There is a lot of information and misinformation out there. People want to understand who you are and where you’re coming from. Otherwise, they will stereotype you very quickly. Their perception could be based on what you have done in the past, rather than what you can offer for the future.
You need to determine what you want their interpretation of you to be, and convey yourself in that light when you connect. They may not need your help right now, but they may know someone who does.
Something to remember is that your mistakes are not as obvious online as they are in the real world and you don’t know the opportunities you’re missing. People can look at your profile and move on, and you don’t even know. There is a world of opportunity sitting at your fingertips. It’s now time to take the opportunity to help those clients who are looking for you and need your help!
Some other challenges in the current selling climate include:
Access to decision makers: This is more difficult as gatekeepers are becoming more challenging to manage.
“Digital First”: Increasingly customers are undertaking research online before making buying decisions. As mentioned, 60% of a buying decision is made before a customer makes contact. This means the use of Google searches are increasing. Sites such as Trip Advisor to choose hotels and Urban Spoon to choose a restaurant are examples of that.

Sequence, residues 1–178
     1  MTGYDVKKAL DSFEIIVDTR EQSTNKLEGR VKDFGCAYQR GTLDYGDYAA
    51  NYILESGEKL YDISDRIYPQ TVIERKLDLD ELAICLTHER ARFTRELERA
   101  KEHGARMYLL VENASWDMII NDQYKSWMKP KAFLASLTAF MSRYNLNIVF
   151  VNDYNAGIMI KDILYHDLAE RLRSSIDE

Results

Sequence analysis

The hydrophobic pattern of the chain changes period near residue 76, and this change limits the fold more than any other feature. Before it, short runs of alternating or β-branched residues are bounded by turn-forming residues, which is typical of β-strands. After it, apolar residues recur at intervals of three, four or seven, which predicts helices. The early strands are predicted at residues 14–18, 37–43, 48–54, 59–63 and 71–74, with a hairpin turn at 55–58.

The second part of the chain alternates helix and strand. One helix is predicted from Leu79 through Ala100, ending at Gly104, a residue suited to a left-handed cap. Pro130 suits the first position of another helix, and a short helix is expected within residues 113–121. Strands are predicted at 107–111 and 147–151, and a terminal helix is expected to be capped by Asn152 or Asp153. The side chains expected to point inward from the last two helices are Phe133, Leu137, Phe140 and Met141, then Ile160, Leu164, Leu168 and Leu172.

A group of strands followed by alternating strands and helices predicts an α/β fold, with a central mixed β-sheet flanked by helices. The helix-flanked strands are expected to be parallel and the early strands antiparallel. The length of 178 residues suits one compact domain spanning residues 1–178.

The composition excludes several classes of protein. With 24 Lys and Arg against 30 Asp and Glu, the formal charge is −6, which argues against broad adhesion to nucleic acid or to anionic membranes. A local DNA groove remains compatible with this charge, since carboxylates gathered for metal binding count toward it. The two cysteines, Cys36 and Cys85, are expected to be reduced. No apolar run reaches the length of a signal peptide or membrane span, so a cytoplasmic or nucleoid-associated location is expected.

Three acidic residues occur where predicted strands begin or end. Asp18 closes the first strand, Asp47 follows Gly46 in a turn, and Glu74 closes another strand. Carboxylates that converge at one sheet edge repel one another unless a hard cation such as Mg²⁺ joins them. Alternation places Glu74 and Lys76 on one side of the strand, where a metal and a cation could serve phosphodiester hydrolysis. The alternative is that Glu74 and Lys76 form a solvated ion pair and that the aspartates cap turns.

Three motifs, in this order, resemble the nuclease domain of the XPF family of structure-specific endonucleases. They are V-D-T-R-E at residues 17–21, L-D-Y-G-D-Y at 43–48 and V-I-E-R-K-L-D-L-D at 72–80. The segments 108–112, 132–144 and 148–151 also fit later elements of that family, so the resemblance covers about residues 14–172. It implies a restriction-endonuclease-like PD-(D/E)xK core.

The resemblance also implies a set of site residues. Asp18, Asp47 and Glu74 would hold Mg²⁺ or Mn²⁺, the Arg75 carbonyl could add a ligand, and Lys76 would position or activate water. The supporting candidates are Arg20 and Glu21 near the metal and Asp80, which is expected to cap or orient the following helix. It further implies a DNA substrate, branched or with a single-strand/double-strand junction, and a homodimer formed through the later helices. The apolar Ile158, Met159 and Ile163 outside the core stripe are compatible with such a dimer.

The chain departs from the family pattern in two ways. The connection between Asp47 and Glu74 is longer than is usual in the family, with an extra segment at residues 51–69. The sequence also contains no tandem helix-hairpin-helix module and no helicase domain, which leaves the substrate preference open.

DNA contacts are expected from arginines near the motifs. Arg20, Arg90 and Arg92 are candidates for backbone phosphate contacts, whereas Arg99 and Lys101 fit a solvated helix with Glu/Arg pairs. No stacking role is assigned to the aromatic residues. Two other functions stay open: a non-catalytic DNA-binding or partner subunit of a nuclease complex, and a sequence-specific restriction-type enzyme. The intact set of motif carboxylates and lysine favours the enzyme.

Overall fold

The high cost of doing business: Organisations are finding it increasingly challenging to meet skyrocketing overheads and wages. Businesses don’t have money to waste any more.
Flexibility: Businesses need to be able to move fast. Customers’ needs change quickly and businesses need to be agile, yet stay on track.
The struggle to find more ideal customers: It’s difficult for businesses to position themselves for new clients and markets.
Time and money: A business’s growth isn’t restricted to a local area anymore. We have access to markets nationally an internationally, but it takes time and money to build those markets and have a presence in those locations.
Unqualified leads: We don’t have time to waste on people who don’t meet your sales criteria.
People do their research: Customers research online to find the cheapest option.
The increasing cost of search engine optimisation and Google AdWords: It’s becoming extraordinarily expensive to get results from online advertising.
A feeling of paralysis: With the sea of information available, combined with a lack of time and money, many businesses choose to do nothing. It can all seem too hard.
The Connection Economy